The sad irony is that the Redskins are as good as anyone could have hoped. Let's go back to July. In July, would the most zealous loyalist have been happy with an 8-5 record after the second Dallas game? Happy beyond words.

But now we pick up the newspaper and Coy Bacon, a defensive end, is stabbing his playmates in the back. The general manager, Bobby Beathard, is accusing the players he hired of sport's cardinal sin, not caring enough about excellence.

And the Redskins are 8-5.

Bacon says the Redskins are not giving Coach Jack Pardee enough respect.

This is just a guess, but Pardee would likely trade Coy Bacon's respect for a few tackles by the filibustering end.

Dallas ran 7 zillion offensive plays Thursday.

Of those, the Cowboys ran maybe 3 zillion toward the Redskins' right end.

Coy Bacon is that end.

And Coy Bacon made no tackles.

According to the official defensive statistics. Bacon had only three assisted tackles.

The problem with the Redskins is not a lack of respect for the coach, nor is it an absence of desire.

It is a matter of talent.

Go back to July again.

In July, would anyone have wanted to face the mighty Cowboys with an offensive line that had new men at four of the five interior positions?

That's what the Redskins did Thursday.

In July, would anyone have wanted to face Roger Staubach and Tony Dorsett with a defensive line that was entirely changed from the line that ended last season?

The Redskins did that Thursday, too.

So, of the nine linemen so vital to a team's success the Redskins went against Dallas with only one man who started at the job when the 1977 season anded.

This is a team in transition.

Pain was inevitable.

Yet the pain was postponed by the Redskins' 6-0 start this season. Indeed, it seemed Pardee was a miracle worker, for in the euphoria, everyone praised the coach for being so kindly, for juicing up the offense, for cutting practice time to save strength.

It was no miracle, that 6-0 start.

It was luck.

That is not meant to diminish the achievement. Any team that wins six straight NFL games is good. But good teams can pass for great when luck visits them.

The Redskins beat New England on opening day when the Patriots played terribly and finally gave away the victory with a fumble in the last two minutes. Not since the mid '60s have the Cowboys played more miserably than they did early this season, and the Redskins were lucky to catch them at RFK and fabricate a victory without scoring a touchdown.

So fragile was the structure of Redskin success that an injury to Mike Thomas brought it crumbling down. Without the little running back, the Redskins' offense suddenly went dead.

And when the team lost two games without him, there were grumbles about Thomas' willingness to give his all. Some players, particularly the wizened veterans, characterized Thomas as a malingerer who would not play with pain.

We can dismiss such talk as more locker-room gossip, but the more important aspect of the Thomas affair is that the Redskins had no one to replace him. The Cowboys lost Robert Newhouse, a better back than Thomas, and yet replaced him with Scott Laidlaw, who promptly gained 122 yards against the Redskins.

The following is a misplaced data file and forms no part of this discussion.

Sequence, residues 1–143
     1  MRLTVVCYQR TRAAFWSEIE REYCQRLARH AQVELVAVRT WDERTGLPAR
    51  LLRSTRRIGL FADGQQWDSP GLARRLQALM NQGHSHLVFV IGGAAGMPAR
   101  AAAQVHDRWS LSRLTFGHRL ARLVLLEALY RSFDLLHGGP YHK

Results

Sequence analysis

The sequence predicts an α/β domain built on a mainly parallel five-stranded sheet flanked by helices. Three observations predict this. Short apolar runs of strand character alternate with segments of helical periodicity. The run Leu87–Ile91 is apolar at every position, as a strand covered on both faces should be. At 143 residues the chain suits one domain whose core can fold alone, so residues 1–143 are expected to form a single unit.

It is, the current Redskin travail, a matter of talent.

George Allen knew that. The coach's persistent flirtation with the Rams was a way out from the mess he created here. His most important players were growing very old. His draft choices had been traded away. No one in the league was anxious to trade with him. So Allen saw the Redskins as a team in trouble.

And be arranged to be fired.

At 6-0, Thomas was hurt. Soon, Lemar Parrish and George Starke went down. Then John Riggins missed a game. And Diron Talbert had surgery. Once stars, Billy Kilmer and Ron McDole became spectators, their jobs taken by younger men.

Injuries and aging are inevitable on all teams, but perhaps to none are they so damaging as to these Redskins. Allen saw the sky falling and rushed to safety in Southern California. With the Rams, he would have youth, depth of talent and draft choices to build on.

As Allen fled town, Redskin watchers saw a season of disaster in 1978, perhaps 5-11 or 6-10. In July of this year, when Pardee and Beathard were working to get this wreckage in some kind of order, an 8-5 record at Thanksgiving would have been thought a gift from on high.

That's because the eight victories would be achieved by a team in transition. Bodies were coming in and going out. The offensive system was changed. By Thanksgiving, there were seven new starters on offense, four on defense. Fully half the 1977 starters would be replaced. Of the 45 men on the roster, 16 would be in their first year with the Redskins.

It was downright laughable Thanksgiving Day when one of those new men, defensive tackle Perry Brooks, said the Cowboys were just lucky in the 37-10 victory. Even as Brooks said the Cowboys' offensive line was "just another offensive line," two images of these "lucky" Cowboys came to mind.

In one picture, late in the game, Laidlaw blasted over the right side of the Redskin line on a two-yard touchdown run. And who was the Redskin lineman knocked backwards five yards? Perry Brooks.

In another vivid scene, the Cowboys' defensive end, Ed Jones, was coming on a pass rush. He took tackle Jim Harlan by the shirtsleeves and tossed him aside. Then Jones leapt - leapt! - over center Bob Kuziel. And came down on quarterback Joe Theismann's head.Theismann's pass was incomplete by six miles.

That was not a lucky Cowboy.

That was a talented Cowboy.